It is the day of Robert Kennedy's funeral, and people along the mid-Atlantic are preparing to view the train carrying his body from New York to Washington, DC. The Train of Small Mercies provides glimpses of what is happening to some of those people, using the device of telling a story from each state along the route. In New York, college student Lionel is preparing for the first day of his summer job working on the train--by coincidence the very train carrying Kennedy's body. Lionel's mind is occupied with his girlfriend, who has just told him she is pregnant, and he can barely focus on the instructions provided by the older black men who have worked the trains for decades. At the other end of the line, in Washington, Irish immigrant nanny Maeve's job interview with the Kennedy family has been postponed, and she relies on the concierge at her hotel--the first African American man to hold the job--to advise her what to do. Between the two ends of the journey, a woman sneaks away from her husband, who disliked RFK, to see the train, but her daughter is injured, casting an even greater pall over the day. A boy just returned from being kidnapped by his father reenacts the shooting with his friends. A Vietnam vet who lost a leg in combat is interviewed by an old classmate, now an intern at the paper, about his experiences, as his family hovers protectively nearby. And a suburban man who has just gotten an above-ground pool is disappointed that his first pool party does not go as planned. Each story is visited numerous times, though equal attention is not directed to the six.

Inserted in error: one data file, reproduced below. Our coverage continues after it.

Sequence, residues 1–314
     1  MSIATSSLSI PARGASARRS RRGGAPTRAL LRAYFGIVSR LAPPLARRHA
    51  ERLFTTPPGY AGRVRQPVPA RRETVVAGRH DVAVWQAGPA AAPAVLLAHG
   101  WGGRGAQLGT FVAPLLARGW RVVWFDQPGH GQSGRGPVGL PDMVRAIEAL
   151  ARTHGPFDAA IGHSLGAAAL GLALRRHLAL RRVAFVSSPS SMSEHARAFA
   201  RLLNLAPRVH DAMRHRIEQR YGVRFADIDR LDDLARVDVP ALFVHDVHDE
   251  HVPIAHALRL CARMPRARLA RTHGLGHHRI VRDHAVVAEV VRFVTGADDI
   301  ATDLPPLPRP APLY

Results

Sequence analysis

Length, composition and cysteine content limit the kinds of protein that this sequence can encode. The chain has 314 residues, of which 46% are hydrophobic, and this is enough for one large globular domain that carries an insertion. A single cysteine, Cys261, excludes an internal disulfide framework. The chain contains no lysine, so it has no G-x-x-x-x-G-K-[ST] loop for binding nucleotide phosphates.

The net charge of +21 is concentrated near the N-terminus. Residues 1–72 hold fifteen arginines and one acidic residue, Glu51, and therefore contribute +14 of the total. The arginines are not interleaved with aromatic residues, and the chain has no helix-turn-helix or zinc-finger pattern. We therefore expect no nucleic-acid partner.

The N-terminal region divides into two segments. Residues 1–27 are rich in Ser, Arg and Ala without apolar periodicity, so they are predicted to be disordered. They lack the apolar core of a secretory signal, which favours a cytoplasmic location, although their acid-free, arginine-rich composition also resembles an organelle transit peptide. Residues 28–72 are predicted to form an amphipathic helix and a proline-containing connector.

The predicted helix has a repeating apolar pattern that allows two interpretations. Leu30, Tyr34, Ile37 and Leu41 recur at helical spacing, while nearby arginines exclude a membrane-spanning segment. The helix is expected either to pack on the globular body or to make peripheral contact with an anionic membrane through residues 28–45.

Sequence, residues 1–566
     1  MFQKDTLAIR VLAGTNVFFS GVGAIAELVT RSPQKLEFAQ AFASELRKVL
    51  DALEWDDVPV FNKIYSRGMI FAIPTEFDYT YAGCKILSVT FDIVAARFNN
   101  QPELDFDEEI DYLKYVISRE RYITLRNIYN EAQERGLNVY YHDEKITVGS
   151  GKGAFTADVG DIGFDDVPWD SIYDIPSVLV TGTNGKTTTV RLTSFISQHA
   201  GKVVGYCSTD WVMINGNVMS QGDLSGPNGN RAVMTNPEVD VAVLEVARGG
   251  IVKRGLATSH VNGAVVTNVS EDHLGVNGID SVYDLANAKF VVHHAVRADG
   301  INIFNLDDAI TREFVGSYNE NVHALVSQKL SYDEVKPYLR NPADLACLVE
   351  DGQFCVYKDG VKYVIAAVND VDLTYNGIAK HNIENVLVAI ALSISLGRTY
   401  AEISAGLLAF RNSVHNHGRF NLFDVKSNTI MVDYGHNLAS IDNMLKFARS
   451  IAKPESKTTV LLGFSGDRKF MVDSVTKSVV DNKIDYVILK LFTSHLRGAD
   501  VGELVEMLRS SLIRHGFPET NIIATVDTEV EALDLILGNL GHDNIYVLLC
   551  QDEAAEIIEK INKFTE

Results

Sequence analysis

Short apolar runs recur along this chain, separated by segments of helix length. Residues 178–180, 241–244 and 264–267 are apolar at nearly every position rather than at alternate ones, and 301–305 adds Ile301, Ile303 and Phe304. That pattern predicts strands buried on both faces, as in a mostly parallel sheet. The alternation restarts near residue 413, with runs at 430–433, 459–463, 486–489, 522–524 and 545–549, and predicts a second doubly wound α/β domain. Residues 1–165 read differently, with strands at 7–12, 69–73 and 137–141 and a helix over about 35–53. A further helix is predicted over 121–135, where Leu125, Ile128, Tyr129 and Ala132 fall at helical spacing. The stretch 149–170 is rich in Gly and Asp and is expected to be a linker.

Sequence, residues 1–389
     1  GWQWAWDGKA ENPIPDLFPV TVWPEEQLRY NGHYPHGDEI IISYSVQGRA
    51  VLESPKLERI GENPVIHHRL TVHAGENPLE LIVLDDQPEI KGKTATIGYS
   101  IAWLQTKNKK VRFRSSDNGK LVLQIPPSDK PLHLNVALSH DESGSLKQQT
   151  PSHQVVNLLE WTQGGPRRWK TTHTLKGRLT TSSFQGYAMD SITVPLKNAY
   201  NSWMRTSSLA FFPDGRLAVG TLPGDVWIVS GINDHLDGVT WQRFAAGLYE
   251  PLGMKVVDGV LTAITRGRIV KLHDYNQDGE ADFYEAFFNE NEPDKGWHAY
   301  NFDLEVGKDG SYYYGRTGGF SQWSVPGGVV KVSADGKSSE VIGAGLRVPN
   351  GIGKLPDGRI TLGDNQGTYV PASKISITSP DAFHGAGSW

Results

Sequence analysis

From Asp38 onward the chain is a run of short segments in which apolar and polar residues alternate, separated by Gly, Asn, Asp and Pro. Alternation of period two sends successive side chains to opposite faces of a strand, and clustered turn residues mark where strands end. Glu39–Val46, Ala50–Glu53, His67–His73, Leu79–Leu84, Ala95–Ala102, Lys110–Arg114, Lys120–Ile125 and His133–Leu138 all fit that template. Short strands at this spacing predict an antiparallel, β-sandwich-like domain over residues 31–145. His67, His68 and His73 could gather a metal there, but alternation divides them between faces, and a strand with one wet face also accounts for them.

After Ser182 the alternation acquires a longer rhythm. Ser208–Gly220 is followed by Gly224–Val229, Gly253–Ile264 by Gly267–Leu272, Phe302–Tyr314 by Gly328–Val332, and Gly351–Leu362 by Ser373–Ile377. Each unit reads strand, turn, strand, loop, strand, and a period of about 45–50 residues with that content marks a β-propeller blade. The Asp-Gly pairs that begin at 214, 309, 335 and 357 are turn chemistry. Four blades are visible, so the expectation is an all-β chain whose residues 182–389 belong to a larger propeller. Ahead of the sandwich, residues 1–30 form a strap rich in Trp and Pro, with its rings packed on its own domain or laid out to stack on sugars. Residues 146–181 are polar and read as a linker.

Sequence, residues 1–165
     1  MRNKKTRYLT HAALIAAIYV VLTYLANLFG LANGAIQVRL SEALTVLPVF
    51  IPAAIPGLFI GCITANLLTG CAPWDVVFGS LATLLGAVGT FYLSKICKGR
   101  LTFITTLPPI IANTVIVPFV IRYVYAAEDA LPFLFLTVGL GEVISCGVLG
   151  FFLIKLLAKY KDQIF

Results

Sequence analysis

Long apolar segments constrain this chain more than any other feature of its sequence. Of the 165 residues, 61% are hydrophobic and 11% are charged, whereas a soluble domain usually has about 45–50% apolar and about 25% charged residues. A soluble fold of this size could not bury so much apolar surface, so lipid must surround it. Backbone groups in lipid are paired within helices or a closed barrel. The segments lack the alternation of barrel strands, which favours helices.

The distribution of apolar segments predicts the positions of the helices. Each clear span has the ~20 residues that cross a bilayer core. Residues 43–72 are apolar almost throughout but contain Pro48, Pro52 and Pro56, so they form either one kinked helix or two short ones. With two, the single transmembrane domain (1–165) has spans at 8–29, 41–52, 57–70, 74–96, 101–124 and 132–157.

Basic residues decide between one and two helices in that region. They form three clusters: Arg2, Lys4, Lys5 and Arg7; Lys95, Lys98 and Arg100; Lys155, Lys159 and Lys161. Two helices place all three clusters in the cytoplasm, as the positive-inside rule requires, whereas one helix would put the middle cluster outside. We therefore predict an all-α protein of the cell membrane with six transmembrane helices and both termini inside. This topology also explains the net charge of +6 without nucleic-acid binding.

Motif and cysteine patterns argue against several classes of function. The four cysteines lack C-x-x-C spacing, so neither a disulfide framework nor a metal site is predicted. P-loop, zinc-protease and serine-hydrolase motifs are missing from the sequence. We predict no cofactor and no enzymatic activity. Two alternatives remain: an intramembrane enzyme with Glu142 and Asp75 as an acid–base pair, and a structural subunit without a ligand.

Rowell's book was inspired by a collection of photographs of the funeral train and it has the feel of a series of snapshots--quick glimpses into lives touched by the historic event. Rowell also does a good job of capturing the turmoil of the time--Washington, DC, is a scary and violent city; race relations are troubled, as are gender relations; Vietnam divides the nation; the nation is in a state of shocked grief following the assassinations of Dr. King and Senator Kennedy. The snapshot quality of the book also accounts for its less satisfying aspects, as none of the stories are resolved in any way. While I understand that resolving them would not have been in keeping with the novel's structure, I still found the lack of resolution frustrating.
On a side note, I had my own experience with the RFK funeral. My family arrived in Washington, DC, on the day of the funeral, and our hotel room had been given away to press (I guess reservations didn't mean too much then). We found a motel in Arlington. The next day we went over to Arlington National Cemetery and saw some members of the Kennedy family visiting the grave. Days later at a White House ceremony, there was no acknowledgment of the recent tragedy (at least that I remember, although the event has a surreal quality in my memory, so I'm not sure I really remember much).